Paying the bills; music and corporate sponsorship

As the industry reboots, corporate endorsements are fast overtaking record contracts as the golden ticket. Is it time you bought into selling out?

Corporate. Even the word makes some musicians queasy. Corporate equals suits, ties, bottom-lines, pie-charts and the grasping pursuit of profit over art, truth and beauty, right? Corporate is everything that rock ‘n’ roll set out to smash, man. That’s easy to say if you’re a retired punk legend, bobbing blissfully around a dollar-shaped infinity pool, paid for by royalties from the pre-Internet golden age. For everyone else, ironically, embracing the corporate world might just be the move that lets you stay creative – not to mention staying alive – as the music industry twists itself out of recognition.

Sales are down. Labels are out. Once-omnipotent high street CD giants are on their knees, while illegal filesharers are filling their pockets. You don’t need to be an economist to recognise that the money – for guitars, drumsticks, studio bills, smashed hotel suites, strippers’ garter-belts – still has to come from somewhere. And these days, it’s coming increasingly via the chequebooks of major international firms, ranging from the logical (Jägermeister, let’s say, or Rockstar) to the unlikely (Range Rover and US restaurant chain Denny’s).

Endorsements as a revenue stream

At all levels of the rock ‘n’ roll food chain, you’d be amazed how many bands are adopting endorsements as a revenue stream. All Time Low teamed up with the Glamour Kills fashion label. Atreyu eat for free at Denny’s. Pause the video for New Found Glory’s Truck Stop Blues single and you’ll clock the Rockstar energy drinks and strategically placed Taco Bell lorry that funded it.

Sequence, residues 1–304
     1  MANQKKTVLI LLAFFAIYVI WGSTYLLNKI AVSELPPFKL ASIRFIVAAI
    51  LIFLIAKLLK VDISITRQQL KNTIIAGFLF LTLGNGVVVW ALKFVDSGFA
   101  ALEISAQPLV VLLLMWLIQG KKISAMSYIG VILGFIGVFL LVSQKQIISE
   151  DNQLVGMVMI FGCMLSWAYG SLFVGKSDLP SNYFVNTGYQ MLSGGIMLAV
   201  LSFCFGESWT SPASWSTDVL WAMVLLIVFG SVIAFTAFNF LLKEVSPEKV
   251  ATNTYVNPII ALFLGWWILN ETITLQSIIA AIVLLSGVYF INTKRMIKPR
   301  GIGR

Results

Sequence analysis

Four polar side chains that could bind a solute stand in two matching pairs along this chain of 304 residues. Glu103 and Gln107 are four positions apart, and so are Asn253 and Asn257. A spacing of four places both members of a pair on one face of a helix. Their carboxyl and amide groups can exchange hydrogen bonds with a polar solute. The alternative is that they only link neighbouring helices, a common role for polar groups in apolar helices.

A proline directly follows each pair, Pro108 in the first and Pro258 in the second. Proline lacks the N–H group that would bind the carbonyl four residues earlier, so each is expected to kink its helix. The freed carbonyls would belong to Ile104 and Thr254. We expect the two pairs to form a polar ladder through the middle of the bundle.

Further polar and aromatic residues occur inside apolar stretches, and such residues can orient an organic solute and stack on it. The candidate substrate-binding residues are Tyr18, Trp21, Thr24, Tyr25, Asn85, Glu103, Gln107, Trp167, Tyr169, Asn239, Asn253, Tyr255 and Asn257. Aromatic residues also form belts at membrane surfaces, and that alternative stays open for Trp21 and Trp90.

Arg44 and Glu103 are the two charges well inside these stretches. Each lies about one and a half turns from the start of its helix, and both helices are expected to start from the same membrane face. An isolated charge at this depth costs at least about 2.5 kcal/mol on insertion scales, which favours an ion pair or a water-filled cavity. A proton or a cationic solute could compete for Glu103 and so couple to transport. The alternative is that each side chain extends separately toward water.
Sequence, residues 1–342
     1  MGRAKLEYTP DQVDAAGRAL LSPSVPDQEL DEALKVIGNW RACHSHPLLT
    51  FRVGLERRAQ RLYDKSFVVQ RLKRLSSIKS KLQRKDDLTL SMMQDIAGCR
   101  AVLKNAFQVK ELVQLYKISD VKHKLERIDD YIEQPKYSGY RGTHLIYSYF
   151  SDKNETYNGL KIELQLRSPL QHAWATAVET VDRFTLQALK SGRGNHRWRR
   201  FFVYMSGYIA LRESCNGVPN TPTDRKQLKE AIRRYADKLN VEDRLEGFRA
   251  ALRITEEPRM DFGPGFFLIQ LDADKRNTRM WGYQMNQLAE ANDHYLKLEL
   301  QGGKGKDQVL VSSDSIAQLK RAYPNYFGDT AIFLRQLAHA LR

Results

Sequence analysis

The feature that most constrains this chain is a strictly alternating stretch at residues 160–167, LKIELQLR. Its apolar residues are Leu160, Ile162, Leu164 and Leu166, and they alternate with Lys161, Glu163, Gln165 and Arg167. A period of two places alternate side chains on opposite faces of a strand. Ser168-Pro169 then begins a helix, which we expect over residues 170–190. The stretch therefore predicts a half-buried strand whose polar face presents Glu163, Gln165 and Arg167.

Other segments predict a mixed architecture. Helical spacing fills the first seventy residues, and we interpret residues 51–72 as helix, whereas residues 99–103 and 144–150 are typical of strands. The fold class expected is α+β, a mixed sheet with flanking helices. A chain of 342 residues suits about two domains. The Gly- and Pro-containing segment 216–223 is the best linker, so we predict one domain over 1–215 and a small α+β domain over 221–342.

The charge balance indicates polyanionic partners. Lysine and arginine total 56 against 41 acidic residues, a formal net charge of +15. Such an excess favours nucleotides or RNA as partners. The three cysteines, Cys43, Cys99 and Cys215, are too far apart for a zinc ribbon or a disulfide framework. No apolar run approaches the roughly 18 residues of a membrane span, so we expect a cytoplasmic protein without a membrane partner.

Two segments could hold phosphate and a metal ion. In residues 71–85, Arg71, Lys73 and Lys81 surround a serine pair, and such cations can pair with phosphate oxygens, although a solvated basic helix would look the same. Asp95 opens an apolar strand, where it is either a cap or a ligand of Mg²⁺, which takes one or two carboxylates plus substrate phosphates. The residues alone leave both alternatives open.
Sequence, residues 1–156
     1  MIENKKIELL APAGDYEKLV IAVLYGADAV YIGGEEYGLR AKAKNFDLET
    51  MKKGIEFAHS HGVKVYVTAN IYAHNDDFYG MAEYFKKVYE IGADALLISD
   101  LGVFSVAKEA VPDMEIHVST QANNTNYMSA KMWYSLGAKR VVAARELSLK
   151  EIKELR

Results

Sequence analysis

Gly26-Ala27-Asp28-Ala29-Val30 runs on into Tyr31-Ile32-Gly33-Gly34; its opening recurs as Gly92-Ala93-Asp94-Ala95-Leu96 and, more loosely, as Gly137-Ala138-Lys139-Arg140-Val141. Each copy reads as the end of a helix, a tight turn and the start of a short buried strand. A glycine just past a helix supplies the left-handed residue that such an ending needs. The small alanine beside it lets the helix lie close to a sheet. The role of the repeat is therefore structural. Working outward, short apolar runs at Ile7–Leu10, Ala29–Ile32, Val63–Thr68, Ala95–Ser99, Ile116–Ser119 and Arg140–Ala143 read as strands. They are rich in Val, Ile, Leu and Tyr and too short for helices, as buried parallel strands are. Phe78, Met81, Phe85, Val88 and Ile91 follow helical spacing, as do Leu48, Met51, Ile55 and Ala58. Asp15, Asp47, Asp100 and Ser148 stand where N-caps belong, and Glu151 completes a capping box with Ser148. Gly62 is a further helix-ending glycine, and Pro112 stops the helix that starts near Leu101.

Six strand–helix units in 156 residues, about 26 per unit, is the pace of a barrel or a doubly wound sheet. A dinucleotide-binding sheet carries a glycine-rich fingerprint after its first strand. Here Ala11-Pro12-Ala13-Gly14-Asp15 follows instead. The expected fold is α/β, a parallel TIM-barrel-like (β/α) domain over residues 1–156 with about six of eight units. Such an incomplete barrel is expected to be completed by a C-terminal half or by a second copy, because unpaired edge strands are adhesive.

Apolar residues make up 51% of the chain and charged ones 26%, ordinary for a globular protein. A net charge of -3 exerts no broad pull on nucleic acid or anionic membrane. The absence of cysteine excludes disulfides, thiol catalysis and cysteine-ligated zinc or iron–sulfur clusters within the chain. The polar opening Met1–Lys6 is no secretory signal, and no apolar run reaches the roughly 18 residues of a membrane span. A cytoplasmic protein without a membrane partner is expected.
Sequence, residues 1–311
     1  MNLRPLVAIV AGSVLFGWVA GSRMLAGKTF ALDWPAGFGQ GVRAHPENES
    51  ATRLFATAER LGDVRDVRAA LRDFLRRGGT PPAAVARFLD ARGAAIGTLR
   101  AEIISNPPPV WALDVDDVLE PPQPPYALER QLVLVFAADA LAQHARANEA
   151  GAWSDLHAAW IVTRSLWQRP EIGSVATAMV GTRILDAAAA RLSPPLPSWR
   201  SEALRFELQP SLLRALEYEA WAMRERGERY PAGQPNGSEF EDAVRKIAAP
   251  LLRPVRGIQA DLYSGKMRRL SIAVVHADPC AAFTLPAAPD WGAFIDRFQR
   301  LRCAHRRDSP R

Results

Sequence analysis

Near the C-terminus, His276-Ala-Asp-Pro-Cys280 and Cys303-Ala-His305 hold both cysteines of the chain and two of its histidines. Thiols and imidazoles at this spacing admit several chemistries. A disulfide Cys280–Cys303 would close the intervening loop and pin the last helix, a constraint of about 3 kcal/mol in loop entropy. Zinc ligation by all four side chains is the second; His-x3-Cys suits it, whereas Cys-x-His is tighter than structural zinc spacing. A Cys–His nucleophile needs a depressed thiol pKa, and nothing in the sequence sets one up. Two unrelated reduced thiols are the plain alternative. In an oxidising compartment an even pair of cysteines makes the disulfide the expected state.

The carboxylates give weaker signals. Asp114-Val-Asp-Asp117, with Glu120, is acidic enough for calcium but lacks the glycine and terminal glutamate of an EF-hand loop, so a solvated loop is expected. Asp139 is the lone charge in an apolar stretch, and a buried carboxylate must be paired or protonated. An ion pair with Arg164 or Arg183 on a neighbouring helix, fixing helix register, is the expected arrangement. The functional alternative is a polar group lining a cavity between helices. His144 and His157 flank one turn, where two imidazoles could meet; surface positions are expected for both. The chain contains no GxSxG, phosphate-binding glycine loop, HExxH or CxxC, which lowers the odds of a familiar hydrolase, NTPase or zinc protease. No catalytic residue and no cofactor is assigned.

Selling out? The bands involved argue it’s a reciprocal arrangement that suits both parties without compromising anyone’s art (unlike the worst of the old-school labels, who stick their oar into an artist’s sound and image). The company enjoys the rub-off cool of its association with an up-and-coming band, and gets to introduce its brand to a fresh generation of future customers via logos on MySpace pages, kind words on Twitter, maybe even a shout-out from the stage. The band gets free hotel rooms, a functioning tourbus, food, instruments, clothing, or, if they really hit the jackpot, studio time, financial renumeration and prime-time TV appearances (consider the Californian alt-duo Pomplamoose, whose profile was transformed after they performed their take on Jingle Bells in a 2010 Hyundai ad).

Is a record deal still the prize?

A few years ago, a survey by Digital Music News suggested that three in four unsigned acts still prize a record deal above all else. Maybe so, but if the same question were floated now, you suspect the result would look very different. With easy money – or at least payment in kind – on the table, it’s no wonder that for many new bands, winning the backing of a brand like Pepsi or Red Bull is replacing a contract as the pot of gold at the end of the rainbow.

The post-modern music biz

For a good example, take OK Go. When the LA indie-rock band split with EMI after their third album, it seemed like a death-knell – but ultimately proved the start of a thoroughly post-modern career path in which they hand-pick projects dangled by assorted companies. In an excellent piece by Helienne Lindvall for The Guardian website, the group’s manager Mike Rosenthal noted: “I don’t think the band would consider ever signing another record deal – or if that would even be an option. They’re just too interested in other things. Especially now that it doesn’t all have to culminate in the release of a piece of plastic that has their music on it. That model is dead for good.”

It could easily go too far, of course. Today, corporate endorsements are relatively discrete and rarely impact on the band’s work. A decade from now, with the old industry gone, will rock bands be so deeply in the pocket of big-business that they’re forced to write songs endorsing pile cream, or appear in videos wearing jumpsuits embossed with the logo of a pharmaceutical giant? Will our anarchic punk frontmen be little more than the puppet mouthpieces of CEOs, trotting out ‘on-message’ propaganda between songs to earn their payday backstage? It’s certainly a danger. All signs suggest the culture of endorsements is only going to get more and more prevalent. Ultimately, it’s up to the bands who shake hands with The Man to decide how far is too far.